1st COVID-19 Vaccine Damage Payment in UK Confirmed With Others Expected to Follow

1st COVID-19 Vaccine Damage Payment in UK Confirmed With Others Expected to Follow
A dose of AstraZeneca vaccine is prepared at COVID-19 vaccination centre in the Odeon Luxe Cinema in Maidstone, UK, on Feb. 10, 2021. (Andrew Couldridge/Reuters)
Owen Evans

Vikki Spit, whose fiancé Lord Zion died after receiving the AstraZeneca COVID-19 vaccine, has become one of the first recipients of funds under England's vaccine damage payment scheme (VDPS).

Spit told GB News on Monday that "after months of campaigning" she was to receive a £120,000 ($160,000) payment following the death of her 48-year-old musician partner and husband-to-be, Lord Zion.

“It’s the first step in the battle," Spit said. "People can no longer sneer at us and say we’re making stuff up and pretending we don’t exist.

“This isn’t about money as nothing can bring back the people we have lost. This is about recognition," she added.

'1,300 Applicants'

"The first payment was confirmed on Friday 16.6 and we expect others to follow in the next few days," Sarah Moore, a partner at Hausfeld law firm, told The Epoch Times by email.

Hausfeld represents more than 95 families and individuals in England, including those who have experienced a range of severe health conditions and death following the COVID-19 vaccination.

Moore said that in the UK there are currently around "1,300 applicants awaiting an outcome from the VDPS."

"We also know historically that the acceptance rate for applications is 1.7 percent in the UK. That means that very many of those applicants will be refused an ex gratia payment [or a payment made voluntarily] under the VDPS. That is inevitably going to lead to financial hardship for some families and potentially resentment and vaccine hesitancy going forward," she added.

Vials labelled "AstraZeneca COVID-19 Coronavirus Vaccine" and a syringe are seen in front of a displayed AstraZeneca logo, in this illustration photo taken on March 14, 2021. (Dado Ruvic/Illustration/Reuters)
Vials labelled "AstraZeneca COVID-19 Coronavirus Vaccine" and a syringe are seen in front of a displayed AstraZeneca logo, in this illustration photo taken on March 14, 2021. (Dado Ruvic/Illustration/Reuters)

Causal Link

The VDPS is a one-off tax-free payment of £120,000 if someone is proven to have been severely disabled or have died as a result of vaccination from diseases such as measles, mumps, rubella, swine flu, and more. To be eligible, claimants must meet a 60 percent disablement criteria.

In December 2020, ministers agreed to add COVID-19 to the scheme, to demonstrate “government confidence in the safety profile” of any vaccine being used in the vaccination program.

In March, the government said that it estimated that the process will take on average six months, requiring access to people’s medical notes and their previous medical history, because "while someone may have had a reaction on the day, we cannot say for sure until we have looked at all the evidence that that is a causal link between the vaccine and the adverse event, even though there may be a strong suggestion that it is."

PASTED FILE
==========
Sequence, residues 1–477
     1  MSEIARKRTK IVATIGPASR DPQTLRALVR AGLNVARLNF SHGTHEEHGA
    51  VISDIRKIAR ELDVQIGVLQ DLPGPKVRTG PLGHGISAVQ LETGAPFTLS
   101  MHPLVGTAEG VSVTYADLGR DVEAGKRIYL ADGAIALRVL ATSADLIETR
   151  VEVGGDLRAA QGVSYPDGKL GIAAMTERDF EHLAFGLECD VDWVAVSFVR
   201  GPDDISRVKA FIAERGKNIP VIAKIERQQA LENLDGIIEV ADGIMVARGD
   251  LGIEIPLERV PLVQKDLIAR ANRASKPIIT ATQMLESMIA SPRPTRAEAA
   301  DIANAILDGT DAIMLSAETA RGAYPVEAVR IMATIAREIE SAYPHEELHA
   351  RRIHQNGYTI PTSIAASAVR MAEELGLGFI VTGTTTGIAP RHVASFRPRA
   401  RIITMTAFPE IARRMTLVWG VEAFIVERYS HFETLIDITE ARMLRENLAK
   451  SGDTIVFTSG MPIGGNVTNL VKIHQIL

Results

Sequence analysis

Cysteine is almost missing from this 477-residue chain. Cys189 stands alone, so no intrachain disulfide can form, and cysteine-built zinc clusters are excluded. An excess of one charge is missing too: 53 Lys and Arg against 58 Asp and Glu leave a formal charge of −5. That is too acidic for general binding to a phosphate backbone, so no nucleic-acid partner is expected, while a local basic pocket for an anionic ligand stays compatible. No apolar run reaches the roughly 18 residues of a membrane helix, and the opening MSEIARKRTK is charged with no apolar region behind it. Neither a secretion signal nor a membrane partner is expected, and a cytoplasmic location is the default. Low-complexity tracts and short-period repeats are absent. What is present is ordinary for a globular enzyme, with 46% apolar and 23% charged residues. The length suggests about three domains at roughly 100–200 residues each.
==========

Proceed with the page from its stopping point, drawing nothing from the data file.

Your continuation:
"It is encouraging that there has now been the first payment from the Vaccine Damage Payment Scheme, not least that there is now recognition that the COVID-19 vaccine has caused a severe medical condition," another applicant, Julian Gooddy, told The Epoch Times.

Gooddy said that he started to suffer two weeks after taking the AstraZeneca COVID-19 vaccine and developed Bell's palsy with paralysis down one side of his face and mouth, and had difficulty in speaking and blindness in one eye. He said that he was still suffering severe health issues.
He said his issue "has always been the lack of support from the medical profession and from the government in regards to compensation, and a lack of any understanding."

Guillain-Barre Syndrome

In March, Conservative MP Sir Christoper Chope told The Epoch Times that he believes that "tens of thousands have been severely adversely affected by COVID-19 vaccines in the UK."

Chope introduced a private members bill, a piece of legislation to try and explore the issue further after members of the public had told him about COVID-19 vaccine harms.

In June, he asked the secretary of state for health and social care in Parliament, "What assessment he has made of the potential link between the AstraZeneca COVID-19 vaccine and Guillain-Barre syndrome in the context of the case of Ross Wightman who was awarded compensation from the Canadian Vaccine Injury Support Programme in June 2022 following his diagnosis with that syndrome?"
Wightman is one of the first Canadians approved for a payout owing to a COVID-19 vaccine injury. The former pilot has not disclosed his payout, except to say it is short of the maximum amount of £178,000 ($284,000).

Minister for Vaccines and Public Health Maggie Throup responded that "a review of the available evidence, including Yellow Card reports and epidemiological studies, indicates that an association with the AstraZeneca COVID-19 vaccine is possible."

A government spokesperson told The Epoch Times by email that all VDPS "claims are medically assessed by an independent, third party medical assessor."

"The NHS Business Services Authority (NHSBSA) has now started to receive outcomes from the independent medical assessor for the first batch of COVID-19 related claims sent for assessment. We will contact each claimant directly as soon as we have an update on their individual claim," the spokesperson said.

In the UK, the vaccines currently approved for emergency use are those from Moderna, AstraZeneca, and Pfizer-BioNTech. All three have legal indemnity protecting the companies from being sued for damages.

The Epoch Times has contacted AstraZeneca for comment.

Lee Harding contributed to this report.